Summary: United States company isn’t content with just appropriating the Magnolia ice-cream brand from the Filipino originator, Ramar USA also wants to prevent San Miguel Philippines from selling Magnolia-branded butter, margarine and cheese in the United States.
United States Court of Appeals for the Ninth Circuit
Case Name: San Miguel Pure Foods Co., et al v. Ramar Int’l Corp., et al
Case Number: 13-55537
Case Panel: NELSON, TASHIMA, CLIFTON
Hearing Location: Pasadena, CA
Hearing Date: 04/07/2015
Ramar International Corp. asked the Ninth Circuit to broaden an injunction in the fight over its “Magnolia” trademark, saying that allowing rival San Miguel Pure Foods Co. to sell certain dairy products under the “Magnolia” name is diluting its trademark.
JUDGE NELSON: “Does the record show why Ramar waited so long to object to San Miguel’s use
of the label on butter, margarine, and cheese? How can San Miguel’s infringement be willful if San Miguel knew that Ramar knew of the products and didn’t object?”
LAWYER: “We didn’t know… We challenged San Miguel in the 1990s on ice cream… We sued their distributor… San Miguel sued us in the 1990s… We found a distributor in the 1990s… The first time we found out about the butter, margarine and cheese was in 2009 when Susie Quesada was sent information about various other products. Her testimony was that, ‘We were absolutely stunned… been through this with them before.'”
JUDGE CLIFTON: “How did your client come up with the Magnolia name and the trademark?”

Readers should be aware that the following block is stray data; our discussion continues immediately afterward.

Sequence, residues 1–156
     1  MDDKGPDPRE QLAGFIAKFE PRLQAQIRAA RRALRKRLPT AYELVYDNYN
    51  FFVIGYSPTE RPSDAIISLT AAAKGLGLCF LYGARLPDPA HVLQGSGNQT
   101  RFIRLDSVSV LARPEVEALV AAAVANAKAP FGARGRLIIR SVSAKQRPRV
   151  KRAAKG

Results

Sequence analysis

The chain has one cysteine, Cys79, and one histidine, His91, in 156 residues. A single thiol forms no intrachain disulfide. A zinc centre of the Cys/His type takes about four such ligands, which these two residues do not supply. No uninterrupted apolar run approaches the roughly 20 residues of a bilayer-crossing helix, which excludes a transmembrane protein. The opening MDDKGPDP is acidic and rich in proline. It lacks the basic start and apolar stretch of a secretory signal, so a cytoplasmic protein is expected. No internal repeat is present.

LAWYER: “We adopted the Magnolia name in the early 1970s.”
JUDGE CLIFTON: “Where did it come from? They liked a certain kind of trees?”
LAWYER: “No, Your Honor. It came from the fact that there was a Magnolia product in the Philippines starting in the 1920s, and that product was not available for sale here, so my clients who were immigrants adopted the mark because they were selling ice-cream products that had flavors that reminded Filipinos of the flavors they could get at home.”
JUDGE CLIFTON: “Or it helps you… Because let’s face it. Your client is surfing on the goodwill established 40 years ago. Now it may have developed the brand past that, but it’s not like they think the Magnolia trademark used by somebody else is a drag on them. Because they picked it up from San Miguel’s usage in the first place.”
Ramar’s lawyer insinuates before the court that San Miguel will be selling “moldy cheese” under the Magnolia brand in the United States. Though repeatedly being reminded that product quality is of no relevance to the legal points being debated, Ramar’s lawyer keeps sneaking in the innuendo that products made by San Miguel, a major Philippine company with a long history of consumer trust in Asia, are inferior.
TRANSCRIPTION TO BE POSTED IN FULL. CURRENTLY ONLY EXCERPTS ON THIS PAGE.
RECAP OF THE MAGNOLIA ISSUE HERE
U.S. Circuit Judges Dorothy Wright Nelson, Richard Clifton and A. Wallace Tashima sat on the panel for the Ninth Circuit.
San Miguel is represented by Allan Gabriel, Walead Esmail and Craig Nevin Hentschel of Dykema Gossett PLLC.
Ramar is represented by Mark A. Lemley and Alex J. Feerst of Durie Tangri LLP, and Rachel R. Davidson, Holly Hogan and J. Michael Keyes of K&L Gates LLP.
The case is San Miguel Pure Foods Co. et. al. v. Ramar International Corp. et al., case number 13-55537, in the U.S. Court of Appeals for the Ninth Circuit.
13-55965 San Miguel Pure Foods Co. v. Ramar Int’l Corp. – Ramar International Corp. appeals, and San Miguel Pure Foods Co. and others cross-appeal, the district court’s judgment on claims of infringement of “Magnolia” trademarks for ice cream and other foods. [2:11-cv-09747-RGK-FMO]
2015-04-07 9:00 am Courtroom 2, Richard H. Chambers US Court of Appeals, Pasadena
Before: D.W. NELSON, TASHIMA and CLIFTON, Circuit Judges